Kansspelautoriteit examines ‘bad actor’ clause
The Netherlands’ gambling regulator is investigating the effects of the ‘bad actor’ clause raised by Minister Sander Dekker last week.
As reported by iGamingBusiness.com on Monday, Minister for Justice Sander Dekker told a Parliamentary committee that firms penalised by the Netherlands’ watchdog for unlawfully targeting Dutch customers would initially be ineligible to operate in the country’s liberalised market.
Dekker has now asked Kansspelautoriteit to examine the subject and come up with appropriate regulations. Gaming operators may be concerned that the watchdog was reportedly pushing for operators found to have broken the law to be permanently excluded from the Dutch market.
Kansspelautoriteit told iGamingBusiness.com that it will not comment on the ‘bad actor’ clause until the regulatory approach had been finalised.
Kansspelautoriteit’s Jan Erik van der Werff (pictured) said he was not concerned that operators are increasingly ignoring Dutch laws despite a number of fines being handed out in the last few months.
“The recently handed-out fines are a result of an adaptation of the enforcement regime in 2017,” he said.
“We act on online gambling specifically targeting the Dutch market. We don’t have signs operators are increasingly ignoring Dutch law, but of course we keep an eye out.”
Meanwhile, MRG has joined Betsson in casting doubt on the likelihood of a ‘bad actor’ clause being introduced. MRG was fined by Kansspelautoriteit last month for failing to block Dutch gamblers, but immediately launched an appeal, claiming most operators do not practice IP blocking.
MRG CEO Per Norman told iGamingBusiness.com: “Since most gaming operators do not practice IP blocking that would mean that very few operators will be able to operate in the Netherlands during the first period of licences.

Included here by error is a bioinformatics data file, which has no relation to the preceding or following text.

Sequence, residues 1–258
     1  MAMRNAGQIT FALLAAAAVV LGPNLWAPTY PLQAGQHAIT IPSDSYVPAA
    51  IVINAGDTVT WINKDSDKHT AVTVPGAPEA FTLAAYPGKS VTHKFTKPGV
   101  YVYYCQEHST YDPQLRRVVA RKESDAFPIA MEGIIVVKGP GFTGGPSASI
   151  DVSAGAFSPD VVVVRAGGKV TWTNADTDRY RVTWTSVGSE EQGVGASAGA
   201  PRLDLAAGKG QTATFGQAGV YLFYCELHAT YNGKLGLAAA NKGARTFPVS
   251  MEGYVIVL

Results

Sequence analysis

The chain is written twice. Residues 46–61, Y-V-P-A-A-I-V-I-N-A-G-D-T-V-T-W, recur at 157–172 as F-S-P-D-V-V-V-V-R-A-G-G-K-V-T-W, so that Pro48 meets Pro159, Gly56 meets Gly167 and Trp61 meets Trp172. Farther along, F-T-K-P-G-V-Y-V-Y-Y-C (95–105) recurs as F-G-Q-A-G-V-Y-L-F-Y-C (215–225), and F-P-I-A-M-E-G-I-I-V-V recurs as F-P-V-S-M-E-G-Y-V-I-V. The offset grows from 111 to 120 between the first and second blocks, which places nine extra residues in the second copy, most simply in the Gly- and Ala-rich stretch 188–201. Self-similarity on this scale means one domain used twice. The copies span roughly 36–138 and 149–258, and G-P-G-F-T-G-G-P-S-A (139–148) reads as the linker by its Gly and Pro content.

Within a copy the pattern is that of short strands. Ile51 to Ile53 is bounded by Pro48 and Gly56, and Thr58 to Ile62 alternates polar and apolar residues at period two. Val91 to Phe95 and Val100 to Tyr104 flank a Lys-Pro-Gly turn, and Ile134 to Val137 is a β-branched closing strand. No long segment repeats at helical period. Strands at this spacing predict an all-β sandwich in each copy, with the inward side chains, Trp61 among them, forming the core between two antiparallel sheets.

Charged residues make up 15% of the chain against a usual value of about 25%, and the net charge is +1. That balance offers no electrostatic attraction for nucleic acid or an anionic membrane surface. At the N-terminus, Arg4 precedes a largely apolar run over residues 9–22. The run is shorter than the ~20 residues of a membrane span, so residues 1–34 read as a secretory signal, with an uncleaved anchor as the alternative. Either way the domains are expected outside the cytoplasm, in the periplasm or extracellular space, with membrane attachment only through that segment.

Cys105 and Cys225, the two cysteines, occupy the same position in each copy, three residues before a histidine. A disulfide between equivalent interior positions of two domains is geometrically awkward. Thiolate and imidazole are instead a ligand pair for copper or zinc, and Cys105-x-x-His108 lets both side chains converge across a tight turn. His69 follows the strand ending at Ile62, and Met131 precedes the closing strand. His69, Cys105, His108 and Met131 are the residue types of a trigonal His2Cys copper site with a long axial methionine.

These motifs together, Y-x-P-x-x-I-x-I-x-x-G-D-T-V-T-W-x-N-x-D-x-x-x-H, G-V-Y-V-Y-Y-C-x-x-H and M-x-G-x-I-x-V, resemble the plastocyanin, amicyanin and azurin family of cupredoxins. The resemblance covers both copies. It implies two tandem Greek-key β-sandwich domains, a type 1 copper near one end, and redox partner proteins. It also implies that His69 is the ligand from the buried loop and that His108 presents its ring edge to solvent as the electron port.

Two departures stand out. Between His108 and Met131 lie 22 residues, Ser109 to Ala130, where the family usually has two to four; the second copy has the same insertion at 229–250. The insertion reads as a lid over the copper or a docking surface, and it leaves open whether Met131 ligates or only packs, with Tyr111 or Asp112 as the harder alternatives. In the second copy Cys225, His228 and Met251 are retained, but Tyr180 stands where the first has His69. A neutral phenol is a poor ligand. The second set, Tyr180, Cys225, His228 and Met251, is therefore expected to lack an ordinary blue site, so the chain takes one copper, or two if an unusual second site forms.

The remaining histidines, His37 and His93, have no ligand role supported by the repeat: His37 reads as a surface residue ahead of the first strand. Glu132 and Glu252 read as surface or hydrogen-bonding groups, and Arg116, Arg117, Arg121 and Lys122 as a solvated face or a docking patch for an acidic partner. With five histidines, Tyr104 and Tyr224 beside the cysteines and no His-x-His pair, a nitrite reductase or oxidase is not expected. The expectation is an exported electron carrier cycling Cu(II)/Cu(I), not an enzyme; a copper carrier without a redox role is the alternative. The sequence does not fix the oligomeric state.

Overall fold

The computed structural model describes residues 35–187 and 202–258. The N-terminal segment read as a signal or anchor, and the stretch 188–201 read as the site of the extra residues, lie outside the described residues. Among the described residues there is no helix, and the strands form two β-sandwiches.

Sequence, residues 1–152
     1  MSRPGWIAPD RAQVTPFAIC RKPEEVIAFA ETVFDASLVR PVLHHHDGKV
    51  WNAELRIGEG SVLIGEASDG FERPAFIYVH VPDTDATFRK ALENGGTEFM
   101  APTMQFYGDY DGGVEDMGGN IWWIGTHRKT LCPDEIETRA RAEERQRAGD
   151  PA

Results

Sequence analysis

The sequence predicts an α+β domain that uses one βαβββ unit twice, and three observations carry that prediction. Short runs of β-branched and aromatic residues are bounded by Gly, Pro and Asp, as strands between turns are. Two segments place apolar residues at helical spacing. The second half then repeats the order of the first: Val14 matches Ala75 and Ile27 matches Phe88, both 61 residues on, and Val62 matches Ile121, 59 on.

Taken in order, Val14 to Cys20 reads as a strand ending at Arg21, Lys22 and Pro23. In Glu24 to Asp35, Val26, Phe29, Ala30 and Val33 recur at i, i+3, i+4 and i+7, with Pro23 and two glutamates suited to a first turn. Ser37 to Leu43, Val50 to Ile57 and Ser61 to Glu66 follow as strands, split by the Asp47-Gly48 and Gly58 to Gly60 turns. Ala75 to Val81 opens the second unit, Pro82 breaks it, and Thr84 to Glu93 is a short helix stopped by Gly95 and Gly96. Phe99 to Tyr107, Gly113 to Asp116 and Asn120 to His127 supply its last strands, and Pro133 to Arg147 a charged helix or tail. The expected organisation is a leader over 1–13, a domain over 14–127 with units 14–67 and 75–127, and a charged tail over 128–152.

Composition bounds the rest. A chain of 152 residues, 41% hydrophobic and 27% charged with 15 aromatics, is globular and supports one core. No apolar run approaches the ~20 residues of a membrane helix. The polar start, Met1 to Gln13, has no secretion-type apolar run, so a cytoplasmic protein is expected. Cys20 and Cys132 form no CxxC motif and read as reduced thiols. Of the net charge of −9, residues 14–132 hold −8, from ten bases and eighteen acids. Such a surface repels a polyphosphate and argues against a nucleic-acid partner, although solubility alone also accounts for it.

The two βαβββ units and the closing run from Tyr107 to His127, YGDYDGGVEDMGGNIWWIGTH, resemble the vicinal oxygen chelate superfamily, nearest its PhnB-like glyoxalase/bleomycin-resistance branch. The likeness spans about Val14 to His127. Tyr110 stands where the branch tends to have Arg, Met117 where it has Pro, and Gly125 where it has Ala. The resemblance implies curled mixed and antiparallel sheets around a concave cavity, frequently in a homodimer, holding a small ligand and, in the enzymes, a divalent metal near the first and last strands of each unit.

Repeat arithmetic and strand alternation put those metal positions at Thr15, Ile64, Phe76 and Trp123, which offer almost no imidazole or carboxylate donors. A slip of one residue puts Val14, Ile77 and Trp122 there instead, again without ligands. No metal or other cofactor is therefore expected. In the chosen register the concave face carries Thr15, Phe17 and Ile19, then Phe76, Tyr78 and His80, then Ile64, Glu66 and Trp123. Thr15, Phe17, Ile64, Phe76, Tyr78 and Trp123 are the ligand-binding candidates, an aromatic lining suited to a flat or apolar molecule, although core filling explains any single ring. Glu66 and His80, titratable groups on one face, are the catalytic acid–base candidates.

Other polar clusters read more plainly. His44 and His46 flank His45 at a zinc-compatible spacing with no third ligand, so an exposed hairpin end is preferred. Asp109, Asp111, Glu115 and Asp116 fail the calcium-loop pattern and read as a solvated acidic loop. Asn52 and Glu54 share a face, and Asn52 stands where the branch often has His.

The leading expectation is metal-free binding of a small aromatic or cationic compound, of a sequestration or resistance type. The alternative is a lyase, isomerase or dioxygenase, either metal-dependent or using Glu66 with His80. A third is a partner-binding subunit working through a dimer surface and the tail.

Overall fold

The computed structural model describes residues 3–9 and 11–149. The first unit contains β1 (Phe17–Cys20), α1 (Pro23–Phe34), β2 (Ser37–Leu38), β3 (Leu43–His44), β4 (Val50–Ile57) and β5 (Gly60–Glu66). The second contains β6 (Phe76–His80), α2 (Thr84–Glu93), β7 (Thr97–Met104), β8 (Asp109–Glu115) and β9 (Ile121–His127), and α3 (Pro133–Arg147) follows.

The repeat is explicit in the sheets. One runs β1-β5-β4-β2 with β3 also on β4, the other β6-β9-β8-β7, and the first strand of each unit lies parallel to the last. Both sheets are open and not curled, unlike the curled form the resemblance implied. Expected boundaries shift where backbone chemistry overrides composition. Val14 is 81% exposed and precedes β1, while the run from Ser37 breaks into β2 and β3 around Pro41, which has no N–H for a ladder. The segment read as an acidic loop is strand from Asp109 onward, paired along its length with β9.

“That will of course severely hit the channelisation which, from my opinion, is the most important objective with a local regulation. It is most likely also setting aside the EU's regulations on free trade.”
Norman added that his company is “very much looking forward to see the Netherlands becoming a regulated market” and suggested it will have the benefit of being able to learn from the experiences of the UK, Sweden and Denmark regulators.
“In Sweden we are right now in the first part of the licensing process where all operators are welcome to apply, irrespective of previous presence or non-presence in the market,” Norman said.
“That is fair play. My advice would be to secure a close cooperation and dialogue with the industry in order to make the regulation effective from the very beginning.”
While the lower house of the Dutch parliament approved the Remote Gaming Bill in 2016, it is still awaiting Senate approval.
In June, the country’s coalition government stated its intention to push ahead with the process, with the aim of introducing new regulations by 2020.